I’m in My 90s and Suffering a Strained Relationship with My Daughter-in-Law

The Japan News

Dear Troubleshooter:

I’m a woman in my 90s. My son and his wife have been married for 30 years and built their house on our property about 20 years ago. But my relationship with her has been strained.

It seems she is still holding a grudge against me for not eating a meal she cooked not long after they were wed.

She visits her parents’ family grave site, but not the one for our family. Sometimes she stays at her parents’ house late into the night.

The other day, when I cautioned her about the way she disposes of the garbage, she said she didn’t care for my tone of voice and stormed off to her parents’ house.

Still, she sometimes picks up souvenirs for me or offers me home-cooked meals.

I feel very awkward because her mood and attitude fluctuate all the time.

I live modestly to leave my son as much of an inheritance as possible, but I’m not happy with the notion that my money will go to his wife if he dies.

Please tell me what kind of state of mind I should be in.

R, Tokyo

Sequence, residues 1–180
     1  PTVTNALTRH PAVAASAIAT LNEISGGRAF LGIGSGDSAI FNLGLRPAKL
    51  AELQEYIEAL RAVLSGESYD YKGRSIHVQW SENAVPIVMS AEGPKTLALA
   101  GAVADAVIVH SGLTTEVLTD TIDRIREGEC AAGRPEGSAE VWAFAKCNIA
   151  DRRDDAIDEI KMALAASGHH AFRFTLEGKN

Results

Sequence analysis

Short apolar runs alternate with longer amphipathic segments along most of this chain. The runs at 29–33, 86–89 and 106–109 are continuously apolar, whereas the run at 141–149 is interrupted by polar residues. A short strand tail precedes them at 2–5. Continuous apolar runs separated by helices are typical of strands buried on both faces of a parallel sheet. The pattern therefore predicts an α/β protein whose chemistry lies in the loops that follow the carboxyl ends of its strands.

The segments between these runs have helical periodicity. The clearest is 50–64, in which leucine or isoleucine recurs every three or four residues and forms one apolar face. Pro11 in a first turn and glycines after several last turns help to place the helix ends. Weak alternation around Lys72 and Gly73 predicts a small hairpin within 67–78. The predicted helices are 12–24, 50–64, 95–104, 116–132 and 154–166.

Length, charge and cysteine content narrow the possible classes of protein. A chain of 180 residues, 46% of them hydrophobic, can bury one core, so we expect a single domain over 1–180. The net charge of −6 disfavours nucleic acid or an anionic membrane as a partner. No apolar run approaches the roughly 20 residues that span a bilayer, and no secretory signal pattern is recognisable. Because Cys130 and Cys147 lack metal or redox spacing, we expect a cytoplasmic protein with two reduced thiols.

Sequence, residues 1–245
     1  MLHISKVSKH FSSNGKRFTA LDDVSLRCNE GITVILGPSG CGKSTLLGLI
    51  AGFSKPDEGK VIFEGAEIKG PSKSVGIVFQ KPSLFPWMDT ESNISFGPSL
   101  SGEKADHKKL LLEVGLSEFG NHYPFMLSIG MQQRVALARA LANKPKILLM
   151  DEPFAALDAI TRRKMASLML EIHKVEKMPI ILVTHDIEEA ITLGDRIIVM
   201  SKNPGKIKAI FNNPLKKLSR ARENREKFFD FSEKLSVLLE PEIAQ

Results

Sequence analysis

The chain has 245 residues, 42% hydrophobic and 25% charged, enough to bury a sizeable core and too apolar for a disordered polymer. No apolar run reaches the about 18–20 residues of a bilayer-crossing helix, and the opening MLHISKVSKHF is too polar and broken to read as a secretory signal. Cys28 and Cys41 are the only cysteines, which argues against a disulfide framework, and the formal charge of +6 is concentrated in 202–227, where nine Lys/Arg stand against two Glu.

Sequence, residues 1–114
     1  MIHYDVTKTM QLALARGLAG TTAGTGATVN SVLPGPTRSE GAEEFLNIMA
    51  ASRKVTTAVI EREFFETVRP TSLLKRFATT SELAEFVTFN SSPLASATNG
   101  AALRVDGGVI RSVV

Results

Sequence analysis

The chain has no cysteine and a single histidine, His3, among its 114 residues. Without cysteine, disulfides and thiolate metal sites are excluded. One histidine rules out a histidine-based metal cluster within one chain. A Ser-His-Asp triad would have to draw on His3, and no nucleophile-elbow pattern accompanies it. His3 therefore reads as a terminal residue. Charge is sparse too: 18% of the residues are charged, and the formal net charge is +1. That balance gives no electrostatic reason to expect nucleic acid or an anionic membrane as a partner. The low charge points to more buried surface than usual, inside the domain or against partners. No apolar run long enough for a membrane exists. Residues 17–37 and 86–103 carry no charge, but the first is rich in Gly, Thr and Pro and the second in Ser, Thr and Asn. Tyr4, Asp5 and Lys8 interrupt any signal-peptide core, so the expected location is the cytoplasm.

Dear Ms. R:

I’m humbled to be asked for advice by someone who is older than I am. Please forgive me, as I’m in the same generation, for not holding back when I speak.

First of all, you’re in a very fortunate position because you have your own home and your family is living by your side. You should be grateful to your husband and people in his circle.

Don’t force your daughter-in-law to visit your family’s grave site, but instead, tell her with a smile: “Visit me at my grave after I have died. I would love to see you.”

In verbal and emotional misunderstandings between a daughter-in-law and her mother-in-law, the one with better memory loses.

Your letter is beautifully written without a single slip-up. If I were to have a contest involving memory with you, I would surely lose. However, you won’t easily win in a fight with someone much younger.

You should waste no brainpower wondering who is right or wrong. You can just say, for instance, “Well, if a young person like you says so, maybe it’s true.”

As for your concern about the inheritance you want to leave to your beloved son, that is something he will have to ponder and decide himself, isn’t it?

For you, giving up is also a good idea. And don’t ever tell your son and his wife that you don’t need them to take care of you.

You cannot handle your affairs once you have died. Tell them from time to time, “Thank you. I need you.”

Keiko Higuchi, critic

(From The Yomiuri Shimbun, Dec. 30, 2022)